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Assault on media freedom poses another test of EU’s resolve

EU eastern tensions

Assault on media freedom poses another test of EU’s resolve

Brussels urged to act as Poland and Hungary tighten curbs on independent journalism

Thousands protest in Budapest against Hungarian prime minister Viktor Orban and in support of Klubradio, the country’s sole opposition radio station with a national network © Ferenc Isza/AFP/Getty Images

Media freedom is under renewed assault in central Europe and the attack is brazen to judge from the slender pretexts given for the tightening chokehold.

Klubradio, a station loved by Budapest liberals, was taken off air on Sunday after falling foul of Hungary’s politically appointed media regulator. Its offence? Missing deadlines to report the ratio of its schedule devoted to Hungarian music output, and occasionally not playing enough of it. These were minor infractions for which it had already paid a small fine and which other radio stations have got away with.

In Poland, the ultra-conservative Law and Justice government is proposing a new tax on the advertising revenues of the independently-owned media sector, which is stronger than in Hungary. The levy is a “solidarity payment” to help cover the public costs of the coronavirus pandemic, according to a government spokesman. But solidarity is not being demanded of other sectors with much deeper pockets.

PKN Orlen, Poland’s state-controlled oil refining company, said in December that it would buy Polska Press, which owns 20 out of Poland’s 24 regional papers and 120 other local weeklies, from a German media group. The fuel company said the unlikely purchase would enable it to “create a flexible, personalised and comprehensive offer delivering greater customer satisfaction”, boosting sales at its petrol stations.

“It is a lie,” says Magdalena Adamowicz, a member of the European Parliament for Poland’s centre right opposition. “This is simply the nationalisation of the media. Such a concentration of ownership poses a real threat to free and fair elections.”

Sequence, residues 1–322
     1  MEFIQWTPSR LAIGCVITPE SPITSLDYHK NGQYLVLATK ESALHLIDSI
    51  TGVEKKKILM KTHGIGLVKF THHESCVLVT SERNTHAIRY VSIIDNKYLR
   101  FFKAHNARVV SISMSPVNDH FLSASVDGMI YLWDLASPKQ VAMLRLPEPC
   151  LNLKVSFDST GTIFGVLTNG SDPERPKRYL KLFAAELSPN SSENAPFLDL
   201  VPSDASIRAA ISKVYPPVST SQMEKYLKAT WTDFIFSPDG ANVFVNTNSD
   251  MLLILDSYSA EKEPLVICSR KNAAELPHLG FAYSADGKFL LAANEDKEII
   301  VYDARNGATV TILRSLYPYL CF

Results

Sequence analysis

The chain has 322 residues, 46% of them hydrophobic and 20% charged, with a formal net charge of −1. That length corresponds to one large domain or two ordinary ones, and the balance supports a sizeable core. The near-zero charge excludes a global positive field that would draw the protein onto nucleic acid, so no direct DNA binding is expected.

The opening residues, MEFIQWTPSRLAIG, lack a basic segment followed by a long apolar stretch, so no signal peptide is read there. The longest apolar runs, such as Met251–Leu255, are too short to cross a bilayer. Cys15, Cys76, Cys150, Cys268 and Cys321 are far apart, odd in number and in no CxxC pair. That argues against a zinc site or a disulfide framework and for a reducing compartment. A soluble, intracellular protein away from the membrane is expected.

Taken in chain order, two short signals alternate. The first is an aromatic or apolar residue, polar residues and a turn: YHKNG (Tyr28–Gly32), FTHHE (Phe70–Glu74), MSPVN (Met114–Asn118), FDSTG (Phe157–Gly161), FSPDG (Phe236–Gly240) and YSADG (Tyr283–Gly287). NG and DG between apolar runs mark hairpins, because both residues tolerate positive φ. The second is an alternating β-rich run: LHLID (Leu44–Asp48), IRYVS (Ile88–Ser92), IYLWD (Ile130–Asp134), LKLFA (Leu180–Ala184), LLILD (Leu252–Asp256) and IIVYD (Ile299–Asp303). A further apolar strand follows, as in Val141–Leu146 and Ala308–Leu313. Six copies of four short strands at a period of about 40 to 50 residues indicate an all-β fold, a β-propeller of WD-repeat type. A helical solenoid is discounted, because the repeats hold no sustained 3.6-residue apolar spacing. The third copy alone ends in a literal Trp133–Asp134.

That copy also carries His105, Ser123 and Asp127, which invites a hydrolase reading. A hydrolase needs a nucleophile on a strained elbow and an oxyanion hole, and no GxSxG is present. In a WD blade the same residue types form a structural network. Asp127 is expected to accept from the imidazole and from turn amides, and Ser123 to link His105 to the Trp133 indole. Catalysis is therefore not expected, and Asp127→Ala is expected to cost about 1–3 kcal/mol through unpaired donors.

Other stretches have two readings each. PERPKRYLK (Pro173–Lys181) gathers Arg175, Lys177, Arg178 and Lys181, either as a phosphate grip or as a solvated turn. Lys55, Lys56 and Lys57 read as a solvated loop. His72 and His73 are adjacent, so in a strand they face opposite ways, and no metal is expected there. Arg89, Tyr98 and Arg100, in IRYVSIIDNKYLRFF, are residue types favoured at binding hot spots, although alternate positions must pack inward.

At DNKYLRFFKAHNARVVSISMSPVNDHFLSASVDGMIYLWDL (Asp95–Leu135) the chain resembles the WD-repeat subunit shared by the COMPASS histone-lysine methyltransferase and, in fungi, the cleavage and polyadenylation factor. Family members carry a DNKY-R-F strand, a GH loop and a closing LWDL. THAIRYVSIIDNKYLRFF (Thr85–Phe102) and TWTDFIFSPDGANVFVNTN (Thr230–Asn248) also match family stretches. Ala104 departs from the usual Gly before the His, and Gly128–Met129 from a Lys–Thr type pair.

Media pluralism has been under attack for some time in parts of central Europe. Orban’s Hungary has blazed a trail, making public broadcasters into mouthpieces, starving independent media of advertising resources and then asserting control either directly or via acquisitions by business cronies. The onslaught appears to have intensified during the pandemic.

A stand with newspapers and magazines in the centre of Krakow, Poland © Artur Widak/NurPhoto via Getty Images

“What we’ve been seeing is a progressive dismantling of media freedoms,” says Laurens Hueting of the European Centre for Press & Media Freedom, an NGO which monitors threats to independent journalism. “At times it is a frantic backsliding. At other times it is slower. But the direction is clear. And at the moment it is frantic.”

The threat to media freedom poses another serious test to the EU, which has struggled to muster the political will and deploy the right tools to defend the rule of law against authoritarian rule. Media freedom is harder to define and defend than judicial independence. EU authorities have been reluctant to intervene in such a political sensitive area.

The EU turned a blind-eye to the stifling of independent journalism in Hungary, says Hueting, and now there are rural parts of the country where people have no access to independent media at all. No wonder Orban’s methodology has become a template which other illiberal governments are adapting to their own circumstances.

Poland, for example, lacks the kind of oligarch who last year took a large stake in Index, Hungary’s leading independent news website, and then ousted its editor, causing most of the journalists to quit. Hence Orlen’s swoop on the regional press, says Adamowicz. A tax on ad revenues would further weaken independent media, making them cheaper takeover targets. Protests against the tax prompted Warsaw to review the proposal on Tuesday.

The European Commission is more alert to attacks on media freedom and more willing to call them out than it was in the past, says Hueting. But he wants Brussels to take a more systematic approach: use its competition and internal market rules to ensure illiberal governments do not discriminate through state advertising budgets or regulation; introduce EU-wide legislation clamping down on vexatious defamation suits against journalists, especially those lodged in multiple countries; and provide more EU funding for investigative and cross-border reporting.

Adamowicz, the widow of the mayor of Gdansk whose murder in 2019 drew the world’s attention to Poland’s polarised politics and noxious public media, also wants EU-wide rules on tech platform liability for hate speech to stop the vilification of independent journalists.

Promoting media pluralism requires action on many fronts. But the lack of a silver bullet is no reason for inaction, says Hueting. “It is a good time to be alarmist about media freedom.”

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